Exercising before breakfast may have more health benefits than waiting until after the meal to get moving, according to a study published in the Journal of Clinical Endocrinology & Metabolism in October.
Researchers led by Javier Gonzalez, a physiologist at the University of Bath in England, conducted the study on a group of 30 overweight, sedentary men. One group drank a carbohydrate-laden vanilla shake for breakfast two hours before moderate cycling, while another group drank it after the same exercise. Both groups exercised three times per week. A third group was given the carb-rich drink but did not work out.
While riders in both cycling groups burned about the same number of calories each time they exercised, those in the group that worked out before drinking the shake burned about twice as many calories from fat per ride as the ones who had the shake beforehand. After the six-week study, members of the exercise-before-meal group also had improved insulin sensitivity, which lowers the risk of diabetes. People in both exercise groups had improved cardiorespiratory fitness compared to those who did not cycle, according to the study.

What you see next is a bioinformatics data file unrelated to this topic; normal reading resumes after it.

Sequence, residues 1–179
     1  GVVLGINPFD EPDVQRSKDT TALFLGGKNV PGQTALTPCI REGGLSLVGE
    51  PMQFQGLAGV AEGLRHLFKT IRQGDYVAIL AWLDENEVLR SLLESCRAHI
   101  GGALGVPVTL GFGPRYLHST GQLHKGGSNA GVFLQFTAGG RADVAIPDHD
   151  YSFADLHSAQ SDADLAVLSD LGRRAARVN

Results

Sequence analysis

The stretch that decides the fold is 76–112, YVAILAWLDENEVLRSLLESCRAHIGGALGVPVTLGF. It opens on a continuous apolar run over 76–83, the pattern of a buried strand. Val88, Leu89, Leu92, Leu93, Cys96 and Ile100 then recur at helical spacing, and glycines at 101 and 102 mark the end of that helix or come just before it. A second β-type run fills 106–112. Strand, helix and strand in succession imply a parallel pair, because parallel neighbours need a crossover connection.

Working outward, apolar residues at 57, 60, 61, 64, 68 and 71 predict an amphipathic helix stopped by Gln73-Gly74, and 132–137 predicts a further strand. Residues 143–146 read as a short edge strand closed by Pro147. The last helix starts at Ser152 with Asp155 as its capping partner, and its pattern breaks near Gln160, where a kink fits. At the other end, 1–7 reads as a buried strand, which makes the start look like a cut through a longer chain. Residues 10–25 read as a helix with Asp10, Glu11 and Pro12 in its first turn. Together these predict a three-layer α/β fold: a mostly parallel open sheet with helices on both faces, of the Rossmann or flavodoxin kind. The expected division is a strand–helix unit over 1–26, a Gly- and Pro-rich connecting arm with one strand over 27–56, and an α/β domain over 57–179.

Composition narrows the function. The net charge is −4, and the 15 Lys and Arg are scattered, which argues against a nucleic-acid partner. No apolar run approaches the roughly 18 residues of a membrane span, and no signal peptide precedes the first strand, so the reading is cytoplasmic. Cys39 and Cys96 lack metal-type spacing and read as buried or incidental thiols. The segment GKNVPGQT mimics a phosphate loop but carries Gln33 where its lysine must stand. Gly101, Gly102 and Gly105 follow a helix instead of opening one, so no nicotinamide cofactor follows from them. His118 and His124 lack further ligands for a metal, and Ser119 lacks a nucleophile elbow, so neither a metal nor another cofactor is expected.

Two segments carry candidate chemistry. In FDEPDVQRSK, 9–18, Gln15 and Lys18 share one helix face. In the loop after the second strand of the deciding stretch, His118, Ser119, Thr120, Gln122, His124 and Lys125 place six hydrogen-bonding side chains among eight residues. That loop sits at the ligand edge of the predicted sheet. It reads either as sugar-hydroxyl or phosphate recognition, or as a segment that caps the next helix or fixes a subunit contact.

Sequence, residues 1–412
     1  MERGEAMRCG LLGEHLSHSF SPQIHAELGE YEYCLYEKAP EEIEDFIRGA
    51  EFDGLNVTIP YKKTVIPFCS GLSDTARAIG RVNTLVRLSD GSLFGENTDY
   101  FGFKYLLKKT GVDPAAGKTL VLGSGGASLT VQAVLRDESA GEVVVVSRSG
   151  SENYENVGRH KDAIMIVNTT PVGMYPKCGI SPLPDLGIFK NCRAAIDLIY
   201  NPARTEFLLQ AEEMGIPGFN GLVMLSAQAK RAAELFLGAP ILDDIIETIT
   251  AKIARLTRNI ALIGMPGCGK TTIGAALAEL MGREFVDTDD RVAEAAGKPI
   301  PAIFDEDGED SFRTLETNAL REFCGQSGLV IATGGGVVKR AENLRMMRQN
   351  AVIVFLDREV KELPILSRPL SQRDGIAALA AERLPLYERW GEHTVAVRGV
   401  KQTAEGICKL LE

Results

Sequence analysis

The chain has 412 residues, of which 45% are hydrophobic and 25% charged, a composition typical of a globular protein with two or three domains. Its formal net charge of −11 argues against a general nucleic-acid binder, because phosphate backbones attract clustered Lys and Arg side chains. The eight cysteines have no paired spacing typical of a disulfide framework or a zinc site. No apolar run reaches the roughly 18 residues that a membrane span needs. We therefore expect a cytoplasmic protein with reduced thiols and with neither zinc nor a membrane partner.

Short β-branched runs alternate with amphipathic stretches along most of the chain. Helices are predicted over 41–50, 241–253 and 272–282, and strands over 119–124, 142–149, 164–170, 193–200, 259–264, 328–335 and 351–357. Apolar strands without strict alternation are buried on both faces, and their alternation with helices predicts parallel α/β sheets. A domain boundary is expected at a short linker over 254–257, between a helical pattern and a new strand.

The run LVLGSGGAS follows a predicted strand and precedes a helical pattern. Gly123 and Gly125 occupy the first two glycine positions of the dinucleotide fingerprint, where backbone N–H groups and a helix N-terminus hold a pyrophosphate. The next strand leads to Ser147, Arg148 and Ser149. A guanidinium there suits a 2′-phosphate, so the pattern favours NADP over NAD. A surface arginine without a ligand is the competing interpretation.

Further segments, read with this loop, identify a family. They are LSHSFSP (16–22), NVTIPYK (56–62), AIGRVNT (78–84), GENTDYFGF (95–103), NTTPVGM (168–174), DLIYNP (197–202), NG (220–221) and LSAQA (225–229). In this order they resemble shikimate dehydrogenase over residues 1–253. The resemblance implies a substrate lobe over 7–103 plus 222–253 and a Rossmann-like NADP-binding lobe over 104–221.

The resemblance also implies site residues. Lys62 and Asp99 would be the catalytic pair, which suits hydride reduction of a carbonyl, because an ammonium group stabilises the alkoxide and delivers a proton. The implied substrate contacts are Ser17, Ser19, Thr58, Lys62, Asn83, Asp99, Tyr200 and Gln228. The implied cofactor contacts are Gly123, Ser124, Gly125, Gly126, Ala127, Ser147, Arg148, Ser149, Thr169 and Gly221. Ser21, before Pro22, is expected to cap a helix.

Exercising before breakfast may have burned more fat because fatty acids can fuel cells if glucose isn’t available, such as after a time of fasting when blood sugar is low, according to Runner’s World. While exercising before breakfast takes advantage of overnight fasting, similar results might be possible by abstaining from food at another time. “We believe that the key is the fasting period, rather than the time of day,” Gonzalez tells The New York Times.
Emily Makowski is an intern at The Scientist. Email her at firstname.lastname@example.org.